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Protests With Meaning
In Moscow, a Show of Real Courage and Clarity

In contrast to the doomed-to-fail frivolity of the People’s Climate March, an important demonstration took place in Moscow over the weekend. The New York Times:

Thousands of Russians marched through Moscow on Sunday in an antigovernment demonstration criticizing President Vladimir V. Putin for what they saw as his warmongering in Ukraine.

It was the first large-scale public demonstration against Mr. Putin since March, and one that brought out a sizable but often silent minority of Mr. Putin’s critics despite the patriotic fervor that has seized Russia since his annexation of Crimea in March.

“I am disturbed that Russia is fueling a war in Ukraine,” said Sergey Arefov, a lawyer who had attended opposition rallies here before. “I believe it is very dangerous for us and for Europe.” […]

“I came here just to convince myself that I wasn’t alone,” said Tatyana Nestretsova, an accountant.

The Russian liberal core of middle class protesters has been largely marginalized in Russian public life since 2011–12, when tens of thousands protested against Vladimir Putin’s power grab in the parliamentary elections. But laws were quickly drawn up to leash the protestors, and the din of nationalist propaganda emanating from Putin’s PR machine throughout the Ukraine crisis drowned out opposition voices. Putin himself has characterized the opposition as traitorous foreign agents.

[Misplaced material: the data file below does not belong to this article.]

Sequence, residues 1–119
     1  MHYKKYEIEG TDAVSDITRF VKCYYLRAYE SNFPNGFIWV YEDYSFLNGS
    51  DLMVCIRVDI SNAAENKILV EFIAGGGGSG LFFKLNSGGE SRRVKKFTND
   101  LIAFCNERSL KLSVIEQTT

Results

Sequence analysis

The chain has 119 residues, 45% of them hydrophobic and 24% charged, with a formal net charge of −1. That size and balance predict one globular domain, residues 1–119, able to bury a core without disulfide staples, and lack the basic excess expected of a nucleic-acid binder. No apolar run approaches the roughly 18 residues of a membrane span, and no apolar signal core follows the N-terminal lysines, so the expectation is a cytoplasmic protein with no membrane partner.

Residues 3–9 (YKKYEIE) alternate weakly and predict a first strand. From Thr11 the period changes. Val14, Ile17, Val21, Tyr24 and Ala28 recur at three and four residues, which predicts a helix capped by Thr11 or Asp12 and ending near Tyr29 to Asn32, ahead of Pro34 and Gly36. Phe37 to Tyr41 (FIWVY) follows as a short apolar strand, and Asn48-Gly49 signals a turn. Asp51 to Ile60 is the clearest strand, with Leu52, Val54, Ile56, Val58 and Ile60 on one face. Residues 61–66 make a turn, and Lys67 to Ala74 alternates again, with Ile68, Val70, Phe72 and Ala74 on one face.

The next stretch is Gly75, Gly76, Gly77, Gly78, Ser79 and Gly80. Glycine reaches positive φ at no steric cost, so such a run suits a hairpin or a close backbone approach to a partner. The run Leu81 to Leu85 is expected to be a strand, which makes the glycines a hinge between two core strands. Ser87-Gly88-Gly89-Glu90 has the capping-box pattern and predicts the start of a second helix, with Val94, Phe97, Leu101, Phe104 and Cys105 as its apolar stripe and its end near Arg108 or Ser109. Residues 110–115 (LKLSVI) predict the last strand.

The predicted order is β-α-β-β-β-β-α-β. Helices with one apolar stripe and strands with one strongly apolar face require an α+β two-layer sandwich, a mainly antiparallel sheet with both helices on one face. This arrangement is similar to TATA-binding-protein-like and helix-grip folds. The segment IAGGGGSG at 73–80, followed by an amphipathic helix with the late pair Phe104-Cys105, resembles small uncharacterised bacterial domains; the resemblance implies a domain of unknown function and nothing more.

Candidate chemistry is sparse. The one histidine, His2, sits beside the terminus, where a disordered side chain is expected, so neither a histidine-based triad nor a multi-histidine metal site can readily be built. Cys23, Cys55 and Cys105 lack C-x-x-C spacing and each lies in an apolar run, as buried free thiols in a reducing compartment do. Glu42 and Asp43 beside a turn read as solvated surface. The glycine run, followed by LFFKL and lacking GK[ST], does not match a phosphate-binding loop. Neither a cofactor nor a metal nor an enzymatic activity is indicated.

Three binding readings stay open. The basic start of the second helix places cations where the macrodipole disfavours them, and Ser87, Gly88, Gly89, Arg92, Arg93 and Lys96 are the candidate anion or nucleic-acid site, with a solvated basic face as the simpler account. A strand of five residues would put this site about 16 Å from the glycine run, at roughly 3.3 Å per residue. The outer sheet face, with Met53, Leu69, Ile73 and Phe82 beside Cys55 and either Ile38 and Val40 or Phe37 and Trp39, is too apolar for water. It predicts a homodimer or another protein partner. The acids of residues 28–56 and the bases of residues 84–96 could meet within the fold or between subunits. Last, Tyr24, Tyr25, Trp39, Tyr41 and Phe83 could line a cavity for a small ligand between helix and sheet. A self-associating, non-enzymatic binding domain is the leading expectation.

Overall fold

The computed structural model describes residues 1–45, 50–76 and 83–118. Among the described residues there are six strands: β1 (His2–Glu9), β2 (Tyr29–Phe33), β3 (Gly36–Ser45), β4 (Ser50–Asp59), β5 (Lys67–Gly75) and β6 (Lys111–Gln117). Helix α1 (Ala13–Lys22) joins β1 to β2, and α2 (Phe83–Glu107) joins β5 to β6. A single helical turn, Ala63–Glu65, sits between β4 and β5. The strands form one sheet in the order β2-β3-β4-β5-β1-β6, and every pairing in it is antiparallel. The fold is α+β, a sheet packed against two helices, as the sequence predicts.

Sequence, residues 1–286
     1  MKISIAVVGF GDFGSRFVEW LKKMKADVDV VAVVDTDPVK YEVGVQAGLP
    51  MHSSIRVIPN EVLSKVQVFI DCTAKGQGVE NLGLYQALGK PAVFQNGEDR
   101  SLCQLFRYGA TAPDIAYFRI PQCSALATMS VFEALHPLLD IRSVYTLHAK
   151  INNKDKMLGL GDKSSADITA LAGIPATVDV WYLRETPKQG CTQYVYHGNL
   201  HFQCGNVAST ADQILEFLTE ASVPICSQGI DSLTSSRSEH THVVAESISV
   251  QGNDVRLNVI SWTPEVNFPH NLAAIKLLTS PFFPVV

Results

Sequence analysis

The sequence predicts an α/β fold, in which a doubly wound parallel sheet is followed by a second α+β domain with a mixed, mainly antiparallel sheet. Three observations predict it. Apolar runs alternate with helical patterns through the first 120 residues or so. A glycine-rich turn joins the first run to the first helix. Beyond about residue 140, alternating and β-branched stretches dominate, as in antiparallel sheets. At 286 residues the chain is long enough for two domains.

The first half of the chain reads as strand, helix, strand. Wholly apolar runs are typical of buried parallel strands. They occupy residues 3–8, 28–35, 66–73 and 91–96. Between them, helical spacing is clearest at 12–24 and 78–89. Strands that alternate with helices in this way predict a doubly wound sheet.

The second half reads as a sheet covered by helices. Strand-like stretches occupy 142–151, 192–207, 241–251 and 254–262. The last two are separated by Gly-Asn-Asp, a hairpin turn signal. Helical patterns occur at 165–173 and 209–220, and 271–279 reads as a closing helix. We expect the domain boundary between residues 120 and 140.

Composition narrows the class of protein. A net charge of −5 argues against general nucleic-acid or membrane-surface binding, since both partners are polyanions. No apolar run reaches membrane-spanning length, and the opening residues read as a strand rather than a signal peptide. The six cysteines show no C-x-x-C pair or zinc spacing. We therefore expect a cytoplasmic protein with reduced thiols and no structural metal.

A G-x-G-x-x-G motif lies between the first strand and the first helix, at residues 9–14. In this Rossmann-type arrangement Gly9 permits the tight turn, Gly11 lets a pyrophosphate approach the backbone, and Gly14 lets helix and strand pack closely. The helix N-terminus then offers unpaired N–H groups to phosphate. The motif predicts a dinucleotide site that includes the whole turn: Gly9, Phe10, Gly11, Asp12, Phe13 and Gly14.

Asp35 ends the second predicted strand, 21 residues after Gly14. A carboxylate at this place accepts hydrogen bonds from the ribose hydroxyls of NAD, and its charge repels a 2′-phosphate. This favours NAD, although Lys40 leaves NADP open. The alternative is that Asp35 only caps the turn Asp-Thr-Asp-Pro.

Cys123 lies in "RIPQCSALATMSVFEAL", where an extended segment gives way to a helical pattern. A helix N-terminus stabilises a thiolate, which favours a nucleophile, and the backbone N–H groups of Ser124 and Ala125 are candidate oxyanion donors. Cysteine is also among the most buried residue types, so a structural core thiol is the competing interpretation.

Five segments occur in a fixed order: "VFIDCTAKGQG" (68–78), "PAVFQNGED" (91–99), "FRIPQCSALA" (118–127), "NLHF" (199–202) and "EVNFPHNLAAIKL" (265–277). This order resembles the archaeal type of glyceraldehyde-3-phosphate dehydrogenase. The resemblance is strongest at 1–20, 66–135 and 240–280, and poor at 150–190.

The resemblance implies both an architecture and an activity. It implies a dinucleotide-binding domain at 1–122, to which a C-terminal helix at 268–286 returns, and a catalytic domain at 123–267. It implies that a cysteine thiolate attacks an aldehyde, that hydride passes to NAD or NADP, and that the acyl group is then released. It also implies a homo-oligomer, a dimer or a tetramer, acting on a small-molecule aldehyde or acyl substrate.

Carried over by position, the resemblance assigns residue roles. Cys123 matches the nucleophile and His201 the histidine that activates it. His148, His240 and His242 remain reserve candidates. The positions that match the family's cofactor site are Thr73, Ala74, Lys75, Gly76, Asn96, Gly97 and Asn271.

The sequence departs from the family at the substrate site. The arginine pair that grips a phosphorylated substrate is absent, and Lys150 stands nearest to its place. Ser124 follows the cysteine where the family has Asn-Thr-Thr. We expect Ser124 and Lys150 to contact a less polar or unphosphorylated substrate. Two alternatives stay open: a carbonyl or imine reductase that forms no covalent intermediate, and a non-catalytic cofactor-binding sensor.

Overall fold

Never a true mass movement—even during the opposition’s heyday, Putin skillfully managed to portray himself as a protector of traditionalism against forces that sought to bring Russia low—Russia’s liberals were taking significant personal risks to demonstrate this weekend given the national mood. Even if their protests don’t change things, they represent a show of real courage and clarity.

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  • rheddles

    Russia’s liberals have been taking risks since the days of the Okhrana. Without effect. Putin is the protector of traditionalism. He is autocrat of all Russia. If Russia has not been able to make an iota of progress in a century and a half of turmoil and effort, how long will it take us to realize the same of Dar al Islam?

    • Alex K.

      Russian liberals, among other things, designed and implemented the great legal reform of 1864, which gave Russia trial by jury and the adversarial system. It is estimated that from the 1860s until 1917, about 75% of all criminal cases were tried by juries. In contrast, modern Russia only allows jury trials only for the most serious charges while some EU countries either have no jury trials at all (Germany) or have pseudo-juries with a mixed inquisitorial-adversarial process (Italy).

      The Okhranka never cared much about liberals because its target were revolutionaries, especially their terrorist factions.

  • Jacksonian_Libertarian

    Putin wouldn’t be engaged in expanding Russia’s borders if the weakest President in US history Obama wasn’t in office.

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